Most of us are paid under the General Schedule (GS), which ranges from GS-1 through GS-15. I’m not able to find a good resource that shows the median GS level in the federal workforce. I think it would be revealing. I am at the high end (GS-12), which I would expect from the skill level of my job. I worked previously for the National Weather Service as a GS-11 weather forecaster. Again it was at the high end, and rightfully so, since the NWS is tasked with “protection of life and property” at the behest of our government. Make all the fun you want, but weather forecasters are front and center in the economics and disaster preparedness and response of any country. (To get that job, you need a degree in atmospheric sciences, with courses including Calculus, Dynamics, and Physics.) My father worked 33 years for the U.S. Forest Service, and didn’t manage to crack GS-10 until after twenty years, and even that came about by chance when a new position was created. From my experience, I have only known GS-14s, and GS-15s to be office directors. Thus, in the federal government, directors (CEOs) can earn up to $99,628 (and if they remain in that position for 18 years, they can earn $129,517 annually). Private sector CEOs are more likely to earn 7 times that amount than half of it.

My guess is that the majority of federal employees are GS-5 through GS-9, and I’ll bet there are more GS-9s than any other level. Those workers get a base salary of $41,563 which increases gradually with time. (ok, ok, the GS-9 is a guess. Provide me with a resource of the actual median GS level of federal employees and I’ll revise. I promise!)

There are 2,750,00 total federal employees, 7000 of which are in Senior Executive Service positions, the highest paychecks available to us. SES make up less than 1% of the federal workforce, with average salaries of $120K – $165K. The rest of us are paid under the General Schedule (GS) (plus a scattering of different plans I won’t get into here).  All of these 2¾ million federal employees earn more the longer they hold their current position, as is common in the private sector. For example, if I continue to do my job well (i.e. have no reason for my supervisor to limit my promotion, which can happen), then in another 18 years my base salary will be $78K. Thus by extrapolating, one can assume that some of the GS employees and all of the SES employees are earning six figures. I am missing a lot of data to do an accurate average wage, but the numbers just don’t average out to $120,000 no matter how you slice it. Let’s say the six-figure earners total 27,500 employees (1%); is that enough to pull everyone’s wage up to six figures? Of course not. What if they made up 2%? 5%? 10% Still not enough.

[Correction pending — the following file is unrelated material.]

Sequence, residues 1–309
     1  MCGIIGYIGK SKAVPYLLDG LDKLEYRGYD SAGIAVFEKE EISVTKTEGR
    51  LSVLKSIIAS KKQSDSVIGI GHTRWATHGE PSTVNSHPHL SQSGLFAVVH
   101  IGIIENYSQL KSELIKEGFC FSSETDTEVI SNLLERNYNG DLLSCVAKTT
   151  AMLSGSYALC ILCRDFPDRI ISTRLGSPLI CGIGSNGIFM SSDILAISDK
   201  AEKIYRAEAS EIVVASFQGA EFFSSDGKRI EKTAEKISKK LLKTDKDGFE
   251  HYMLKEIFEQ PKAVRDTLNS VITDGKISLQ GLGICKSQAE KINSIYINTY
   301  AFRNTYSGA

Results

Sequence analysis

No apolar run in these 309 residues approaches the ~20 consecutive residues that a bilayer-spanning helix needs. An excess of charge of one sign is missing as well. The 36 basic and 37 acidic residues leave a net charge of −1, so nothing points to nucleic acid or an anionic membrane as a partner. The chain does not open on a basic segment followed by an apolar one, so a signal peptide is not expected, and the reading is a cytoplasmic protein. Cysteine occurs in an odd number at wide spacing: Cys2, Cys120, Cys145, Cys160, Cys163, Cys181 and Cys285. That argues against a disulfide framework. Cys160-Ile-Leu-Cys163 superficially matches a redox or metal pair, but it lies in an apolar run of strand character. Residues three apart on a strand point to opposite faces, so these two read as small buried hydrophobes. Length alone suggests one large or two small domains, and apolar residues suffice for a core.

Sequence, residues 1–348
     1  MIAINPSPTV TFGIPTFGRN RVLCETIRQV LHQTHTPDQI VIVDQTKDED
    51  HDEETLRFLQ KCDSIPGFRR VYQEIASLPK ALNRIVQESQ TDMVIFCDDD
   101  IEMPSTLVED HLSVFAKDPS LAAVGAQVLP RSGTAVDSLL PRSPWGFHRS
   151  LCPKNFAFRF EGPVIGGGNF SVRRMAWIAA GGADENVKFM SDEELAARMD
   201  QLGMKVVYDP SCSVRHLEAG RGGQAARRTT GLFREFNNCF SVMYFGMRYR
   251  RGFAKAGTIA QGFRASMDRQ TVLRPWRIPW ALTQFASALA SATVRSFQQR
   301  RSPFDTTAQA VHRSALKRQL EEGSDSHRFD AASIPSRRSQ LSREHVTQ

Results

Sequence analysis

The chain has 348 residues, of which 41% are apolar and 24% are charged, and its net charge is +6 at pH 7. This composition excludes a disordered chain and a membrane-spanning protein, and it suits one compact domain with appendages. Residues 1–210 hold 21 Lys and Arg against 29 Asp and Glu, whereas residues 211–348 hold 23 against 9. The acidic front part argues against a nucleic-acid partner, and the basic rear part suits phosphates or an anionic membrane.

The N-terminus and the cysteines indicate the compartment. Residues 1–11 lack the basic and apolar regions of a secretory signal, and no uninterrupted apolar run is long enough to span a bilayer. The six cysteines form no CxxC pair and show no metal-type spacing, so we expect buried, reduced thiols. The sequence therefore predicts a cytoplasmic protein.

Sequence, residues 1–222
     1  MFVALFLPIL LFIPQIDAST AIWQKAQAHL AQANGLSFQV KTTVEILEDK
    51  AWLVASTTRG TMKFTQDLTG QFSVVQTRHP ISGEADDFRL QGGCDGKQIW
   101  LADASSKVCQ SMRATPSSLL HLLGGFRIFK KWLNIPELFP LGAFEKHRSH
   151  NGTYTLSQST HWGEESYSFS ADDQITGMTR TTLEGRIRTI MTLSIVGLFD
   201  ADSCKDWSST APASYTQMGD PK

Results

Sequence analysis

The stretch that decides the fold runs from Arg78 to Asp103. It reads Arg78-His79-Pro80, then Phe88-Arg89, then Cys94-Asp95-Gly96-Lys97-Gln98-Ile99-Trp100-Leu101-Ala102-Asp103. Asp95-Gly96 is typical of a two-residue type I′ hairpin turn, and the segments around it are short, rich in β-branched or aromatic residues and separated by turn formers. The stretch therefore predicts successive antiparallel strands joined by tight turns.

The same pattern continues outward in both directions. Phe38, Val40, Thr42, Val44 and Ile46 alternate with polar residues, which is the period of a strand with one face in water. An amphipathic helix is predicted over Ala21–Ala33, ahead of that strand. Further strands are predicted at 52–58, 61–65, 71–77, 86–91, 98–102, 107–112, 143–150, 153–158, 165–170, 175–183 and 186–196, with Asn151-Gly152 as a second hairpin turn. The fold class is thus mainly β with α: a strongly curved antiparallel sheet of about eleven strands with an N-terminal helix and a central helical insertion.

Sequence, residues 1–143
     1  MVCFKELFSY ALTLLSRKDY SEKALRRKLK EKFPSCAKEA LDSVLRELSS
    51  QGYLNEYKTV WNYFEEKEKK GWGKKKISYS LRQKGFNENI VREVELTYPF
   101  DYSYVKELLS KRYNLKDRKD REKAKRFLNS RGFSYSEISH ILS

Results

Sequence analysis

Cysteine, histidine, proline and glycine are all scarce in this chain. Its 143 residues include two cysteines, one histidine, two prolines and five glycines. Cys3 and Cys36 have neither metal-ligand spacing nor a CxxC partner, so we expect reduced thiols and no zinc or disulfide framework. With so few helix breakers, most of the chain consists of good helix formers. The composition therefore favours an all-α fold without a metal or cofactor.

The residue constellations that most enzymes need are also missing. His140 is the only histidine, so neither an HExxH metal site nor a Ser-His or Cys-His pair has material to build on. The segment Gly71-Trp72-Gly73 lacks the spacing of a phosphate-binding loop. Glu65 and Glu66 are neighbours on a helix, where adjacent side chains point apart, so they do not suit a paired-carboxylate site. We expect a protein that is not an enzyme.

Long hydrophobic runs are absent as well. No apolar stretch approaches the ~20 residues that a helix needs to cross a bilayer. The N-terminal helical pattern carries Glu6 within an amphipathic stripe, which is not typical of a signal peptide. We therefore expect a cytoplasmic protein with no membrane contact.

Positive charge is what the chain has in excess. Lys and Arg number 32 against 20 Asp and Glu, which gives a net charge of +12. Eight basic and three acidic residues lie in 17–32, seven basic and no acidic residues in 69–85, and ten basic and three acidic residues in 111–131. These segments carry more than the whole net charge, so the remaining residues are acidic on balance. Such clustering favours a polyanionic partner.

Where do the high numbers come from?

After a little research, it turns out that the “average wage” touted by those who believe we are earning too much, includes things that are not wages at all. Benefits equated to salary include our so-called discounted medical insurance (regardless of whether or not I choose to opt in), the small life insurance policy I mentioned, as well as benefits received by employees who qualify under an old system that is not available to any of us hired in the mid 1980s or later.

Our salary average also includes the retirement benefits paid to past federal workers!

It is misrepresentation of the truth to say that since I work for an employer that provides great benefits, then my wages are really n+1 when the amount that shows up in my credit union account is n. If you want to do that with federal workers, then do that with the private sector too. How valuable are the things we don’t have that some private companies offer, such as fitness club memberships and on-site child care? Smucker’s 100% tuition reimbursement (I’m still paying on my $80K student loan)? How about the 20% free time at Google? And seriously, did I just find out my detractors want to penalize me for choosing one employer over another based on benefits? I call it smart, not criminal.

An example of a stereotypical federal employee

You want one? It’s me. I’m a divorced, single-mom raising a teenager. I’m buried in student loans and mortgage debt, and I’ve got my fingers crossed that my 14-year old vehicle can continue to serve us for a few more years. If not, I’ll have an auto loan too.  We do ok, here, though. We are able to pay for ballet classes for my daughter and school expenses like a new dress for 8th grade graduation, yearbooks, annual photos, new shoes, glasses (she keeps losing them!), and braces. I expect that these daily expenses will mount as she gets older and makes her way through high school. I can pay all the bills and add a few dollars each month toward paying off credit card debt created when I bought airline tickets for my brother’s family so he could visit Mom for Thanksgiving. I donate to a string of charities — not a lot, but I donate. We wear our clothes till they aren’t nice enough to give to Salvation Army, and we wait till movies hit the Academy because tickets are only $4. I wash and re-use plastic baggies. Yes, I do! We have everything we need, but only because we are careful.

So when you need a face to represent the outrageous wage abuses by spoiled federal workers, you can use mine.

One of my many guises